This is the question we ask and attempt to answer at the level of semantics. Semantics is that level of linguistic analysis where meaning is analysed. It is the most abstract level of linguistic analysis, since we cannot see or observe meaning as we can observe and record sounds. Meaning is related very closely to the human capacity to think logically and to understand. So when we try to analyse meaning, we are trying to analyse our own capacity to think and understand, our own ability to create meaning. According to Leech, Semantics concerns itself with:
Semantics is the study of meaning in language. We know that language is used to express meanings which can be understood by others. But meanings exist in our minds and we can express what is in our minds through the spoken and written forms of language (as well as through gestures, action etc.). phonological, morphological and syntactic processes are organized in such a way that we can convey meaningful messages or receive and understand messages. ‘How is language organised in order to be meaningful?’
“giving a systematic account of the nature of meaning”
In Semantics, what we study largely concerns with sense and reference. It has been explained earlier that signs refer to concepts as well as to other signs. A sign is a symbol that indicates a concept. This concept is the reference, which refers in turn to some object in the real world, called the referent. The relationship between linguistic items (e.g. words, sentences) and the non-linguistic world of experience is a relationship of reference as illustrated in the diagram given by Ogden and Richards. The objects in the real world are referents, the concept which we have of them in our minds is the reference and the symbol we use to refer to them is the word, or linguistic item. As we have seen, we can explain the meaning of a linguistic item by using other words. The relation of a word with another word is a sense-relation. Therefore, sense is the complex system of relationships that holds between the linguistic items themselves. Sense is concerned with the intra-linguistic relations, i.e. relations within the system of the language itself, such as similarity between words, opposition, inclusion, and pre-supposition. Sense relations include homonymy, polysemy, synonymy and antonymy. When the linguistic elements and larger structures relate to the experiential side of communication or the ‘the non-linguistic world of experience’, we are talking of reference. The relationships that hold among elements of language are known as sense relations. Palmer says:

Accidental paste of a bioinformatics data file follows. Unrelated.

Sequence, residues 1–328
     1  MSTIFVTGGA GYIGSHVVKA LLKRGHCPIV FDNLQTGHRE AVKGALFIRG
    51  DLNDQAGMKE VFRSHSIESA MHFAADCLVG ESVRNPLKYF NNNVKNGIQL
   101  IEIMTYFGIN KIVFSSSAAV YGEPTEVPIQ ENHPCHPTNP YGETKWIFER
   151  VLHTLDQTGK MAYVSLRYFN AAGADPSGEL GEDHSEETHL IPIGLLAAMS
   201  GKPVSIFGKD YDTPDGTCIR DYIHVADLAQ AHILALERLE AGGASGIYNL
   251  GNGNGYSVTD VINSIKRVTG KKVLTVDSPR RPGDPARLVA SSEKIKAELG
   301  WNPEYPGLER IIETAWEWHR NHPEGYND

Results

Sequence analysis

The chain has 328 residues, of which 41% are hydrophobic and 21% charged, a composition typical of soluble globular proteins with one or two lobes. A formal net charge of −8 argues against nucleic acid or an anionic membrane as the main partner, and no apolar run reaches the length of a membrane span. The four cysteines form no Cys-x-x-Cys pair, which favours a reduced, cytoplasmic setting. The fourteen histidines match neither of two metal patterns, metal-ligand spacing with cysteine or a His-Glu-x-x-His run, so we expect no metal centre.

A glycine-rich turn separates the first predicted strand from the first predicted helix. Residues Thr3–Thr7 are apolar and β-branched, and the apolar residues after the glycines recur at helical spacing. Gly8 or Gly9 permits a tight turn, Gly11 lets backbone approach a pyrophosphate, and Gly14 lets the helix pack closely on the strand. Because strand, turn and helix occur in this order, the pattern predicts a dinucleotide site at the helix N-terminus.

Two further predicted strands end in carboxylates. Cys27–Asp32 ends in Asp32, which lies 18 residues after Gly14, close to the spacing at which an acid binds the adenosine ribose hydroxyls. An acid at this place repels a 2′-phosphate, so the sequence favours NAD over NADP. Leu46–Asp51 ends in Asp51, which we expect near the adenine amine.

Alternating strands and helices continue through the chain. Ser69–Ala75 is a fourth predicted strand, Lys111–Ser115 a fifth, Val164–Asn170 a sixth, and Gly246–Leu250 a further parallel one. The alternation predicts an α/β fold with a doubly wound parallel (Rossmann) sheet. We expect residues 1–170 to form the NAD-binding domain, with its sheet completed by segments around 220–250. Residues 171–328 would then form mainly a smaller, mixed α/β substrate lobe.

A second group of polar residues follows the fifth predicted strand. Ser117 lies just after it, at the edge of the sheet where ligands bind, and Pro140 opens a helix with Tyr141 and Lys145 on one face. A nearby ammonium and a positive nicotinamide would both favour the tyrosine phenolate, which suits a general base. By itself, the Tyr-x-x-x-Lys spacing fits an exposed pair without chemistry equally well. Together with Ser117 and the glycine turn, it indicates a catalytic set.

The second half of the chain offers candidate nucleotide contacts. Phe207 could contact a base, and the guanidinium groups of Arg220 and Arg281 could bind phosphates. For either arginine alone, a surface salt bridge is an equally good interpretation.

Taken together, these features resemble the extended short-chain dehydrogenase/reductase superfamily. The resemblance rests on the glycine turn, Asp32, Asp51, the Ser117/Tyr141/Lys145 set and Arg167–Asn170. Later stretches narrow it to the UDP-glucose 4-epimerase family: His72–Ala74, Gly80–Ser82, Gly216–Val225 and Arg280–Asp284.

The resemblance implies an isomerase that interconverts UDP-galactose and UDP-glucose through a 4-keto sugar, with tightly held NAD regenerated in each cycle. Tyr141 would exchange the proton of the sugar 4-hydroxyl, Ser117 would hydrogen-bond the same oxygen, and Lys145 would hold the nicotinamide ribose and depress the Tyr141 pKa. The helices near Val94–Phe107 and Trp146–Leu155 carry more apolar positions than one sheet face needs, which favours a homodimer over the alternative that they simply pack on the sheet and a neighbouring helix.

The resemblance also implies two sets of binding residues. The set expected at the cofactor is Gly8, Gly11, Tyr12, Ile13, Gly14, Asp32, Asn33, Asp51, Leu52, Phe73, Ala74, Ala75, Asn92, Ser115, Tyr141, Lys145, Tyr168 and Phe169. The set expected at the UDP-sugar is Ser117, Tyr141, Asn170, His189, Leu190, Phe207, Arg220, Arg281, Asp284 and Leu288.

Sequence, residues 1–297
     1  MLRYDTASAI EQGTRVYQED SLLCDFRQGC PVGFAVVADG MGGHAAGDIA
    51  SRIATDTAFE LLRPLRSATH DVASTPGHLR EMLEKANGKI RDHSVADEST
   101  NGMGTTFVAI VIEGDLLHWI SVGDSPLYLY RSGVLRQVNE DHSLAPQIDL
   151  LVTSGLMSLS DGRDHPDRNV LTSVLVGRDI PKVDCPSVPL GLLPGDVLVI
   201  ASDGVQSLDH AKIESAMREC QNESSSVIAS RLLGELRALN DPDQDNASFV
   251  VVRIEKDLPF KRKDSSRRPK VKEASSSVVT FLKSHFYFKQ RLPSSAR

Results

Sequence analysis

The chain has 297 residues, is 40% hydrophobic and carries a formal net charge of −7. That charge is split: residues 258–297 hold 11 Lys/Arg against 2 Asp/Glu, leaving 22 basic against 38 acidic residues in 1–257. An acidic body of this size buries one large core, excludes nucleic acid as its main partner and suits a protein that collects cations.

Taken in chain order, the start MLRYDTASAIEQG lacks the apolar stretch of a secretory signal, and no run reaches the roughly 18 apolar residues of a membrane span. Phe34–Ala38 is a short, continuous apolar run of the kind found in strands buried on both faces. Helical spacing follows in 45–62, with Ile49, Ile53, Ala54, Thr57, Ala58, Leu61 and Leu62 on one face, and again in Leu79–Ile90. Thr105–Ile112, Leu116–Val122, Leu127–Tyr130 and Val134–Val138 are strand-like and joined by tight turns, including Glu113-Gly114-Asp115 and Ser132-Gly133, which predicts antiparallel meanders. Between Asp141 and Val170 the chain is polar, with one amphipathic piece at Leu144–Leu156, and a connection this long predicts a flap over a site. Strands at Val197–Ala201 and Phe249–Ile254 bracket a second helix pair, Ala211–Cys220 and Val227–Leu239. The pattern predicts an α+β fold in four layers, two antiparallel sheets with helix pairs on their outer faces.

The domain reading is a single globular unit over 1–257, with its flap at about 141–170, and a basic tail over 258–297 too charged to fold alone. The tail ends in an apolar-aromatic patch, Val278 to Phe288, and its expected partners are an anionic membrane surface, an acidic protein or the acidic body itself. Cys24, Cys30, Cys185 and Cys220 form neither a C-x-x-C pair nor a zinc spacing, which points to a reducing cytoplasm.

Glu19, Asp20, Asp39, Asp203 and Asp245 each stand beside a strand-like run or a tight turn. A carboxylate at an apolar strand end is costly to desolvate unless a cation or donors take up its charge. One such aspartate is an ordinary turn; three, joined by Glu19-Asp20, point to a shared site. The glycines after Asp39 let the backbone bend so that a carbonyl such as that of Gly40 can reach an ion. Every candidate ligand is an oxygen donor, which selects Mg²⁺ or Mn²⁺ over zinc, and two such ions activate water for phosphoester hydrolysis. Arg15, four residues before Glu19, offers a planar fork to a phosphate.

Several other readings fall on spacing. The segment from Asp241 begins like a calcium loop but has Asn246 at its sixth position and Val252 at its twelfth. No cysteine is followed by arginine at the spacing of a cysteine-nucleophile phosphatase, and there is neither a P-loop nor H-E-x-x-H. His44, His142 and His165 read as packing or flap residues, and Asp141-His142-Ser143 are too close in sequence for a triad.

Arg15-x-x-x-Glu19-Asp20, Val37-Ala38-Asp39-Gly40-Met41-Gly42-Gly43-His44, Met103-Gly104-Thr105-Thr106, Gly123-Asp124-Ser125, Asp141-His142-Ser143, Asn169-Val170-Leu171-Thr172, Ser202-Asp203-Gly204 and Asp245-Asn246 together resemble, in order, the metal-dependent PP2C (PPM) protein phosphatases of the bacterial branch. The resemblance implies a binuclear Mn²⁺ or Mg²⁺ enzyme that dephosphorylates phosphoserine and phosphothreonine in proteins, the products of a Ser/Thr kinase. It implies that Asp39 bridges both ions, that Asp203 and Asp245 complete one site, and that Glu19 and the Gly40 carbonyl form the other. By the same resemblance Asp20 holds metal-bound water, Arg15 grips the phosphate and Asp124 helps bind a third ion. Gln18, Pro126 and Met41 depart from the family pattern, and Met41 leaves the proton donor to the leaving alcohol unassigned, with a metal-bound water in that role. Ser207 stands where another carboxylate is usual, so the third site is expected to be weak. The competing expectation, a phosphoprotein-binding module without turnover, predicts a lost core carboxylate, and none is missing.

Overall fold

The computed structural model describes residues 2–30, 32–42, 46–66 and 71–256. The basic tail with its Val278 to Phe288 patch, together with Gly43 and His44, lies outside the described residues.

“The dictionary is usually concerned with sense-relations, with relating words to words”
Homonyms are different items (lexical items or structure words) with the same phonetic form. They differ only in meaning, e.g. the item ‘ear’ meaning ‘organ of hearing’ is a homonym of the item ‘ear’ meaning ‘a stem of wheat’. Homonymy may be classified as: (a) Homography: a phenomenon of two or more words having the same spellings but different pronunciation or meaning, e.g. lead /led/ = metal; lead/li:d/ = verb. (b) Homophony: a phenomenon of two or more words having the same pronunciation but different meanings or spellings, e.g. sea/see, knew/new, some/ sum, sun/son. It is difficult to distinguish between homonymy and polysemy as in polysemy, the ‘same’ lexical item has different meanings, e.g. ‘bank’, ‘face’: Two lexical items can be considered as synonyms if they have the same denotative, connotative and social meaning and can replace each other in all contexts of occurrence. But still complete synonymy is rarely possible. Antonyms are lexical items which are different both in form as well as meaning. An antonym of a lexical item conveys the opposite sense, e.g. single-married, good-bad. Another kind of sense-relationship is hyponymy. Hyponymy is the relation that holds between a more general and more specific lexical item. For example, ‘flower’ is a more general item, and ‘rose’, ‘lily’, etc. are more specific. The more specific item is considered a hyponym of the more general item—’rose’ is a hyponym of ‘flower’. The specific item includes the meaning of the general. When we say ‘rose’, the meaning of ‘flower’ is included in its meaning. ‘Rose’ is also hyponymous to ‘plant’ and ‘living thing’ as these are the most general categories. There are other sense relations ass collocation, euphemisms, dysphemism and the like. In general, all these sense-relations are peculiar to a language and every language develops its own system of sense-relations. In short, the study of meaning and its manifestation in language is called ‘Semantics’ and this manifests through sense-relations. Words are tools; they become important by the function they perform. As a result, words form certain kinds of relations which are called name-sense relations.